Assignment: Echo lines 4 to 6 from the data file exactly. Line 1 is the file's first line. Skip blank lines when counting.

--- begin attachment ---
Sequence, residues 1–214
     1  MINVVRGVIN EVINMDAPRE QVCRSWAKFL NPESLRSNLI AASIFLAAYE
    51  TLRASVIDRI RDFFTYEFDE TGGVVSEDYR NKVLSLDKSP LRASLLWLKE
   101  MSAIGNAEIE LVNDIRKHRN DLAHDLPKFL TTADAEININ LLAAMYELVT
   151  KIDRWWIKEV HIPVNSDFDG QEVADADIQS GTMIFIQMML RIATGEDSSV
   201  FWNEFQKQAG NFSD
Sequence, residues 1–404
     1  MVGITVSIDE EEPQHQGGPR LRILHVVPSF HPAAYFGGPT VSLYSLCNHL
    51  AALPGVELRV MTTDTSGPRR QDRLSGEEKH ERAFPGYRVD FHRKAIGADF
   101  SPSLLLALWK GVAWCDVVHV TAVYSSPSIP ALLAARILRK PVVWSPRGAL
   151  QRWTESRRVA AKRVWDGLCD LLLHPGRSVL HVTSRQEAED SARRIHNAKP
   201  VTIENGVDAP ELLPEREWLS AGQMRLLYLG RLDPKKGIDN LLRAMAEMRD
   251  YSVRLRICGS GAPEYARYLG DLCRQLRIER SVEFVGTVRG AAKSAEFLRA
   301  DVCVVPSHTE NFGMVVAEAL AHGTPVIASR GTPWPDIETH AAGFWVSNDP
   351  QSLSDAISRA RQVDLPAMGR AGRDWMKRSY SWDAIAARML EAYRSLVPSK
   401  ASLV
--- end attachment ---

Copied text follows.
   101  MSAIGNAEIE LVNDIRKHRN DLAHDLPKFL TTADAEININ LLAAMYELVT
   151  KIDRWWIKEV HIPVNSDFDG QEVADADIQS GTMIFIQMML RIATGEDSSV
   201  FWNEFQKQAG NFSD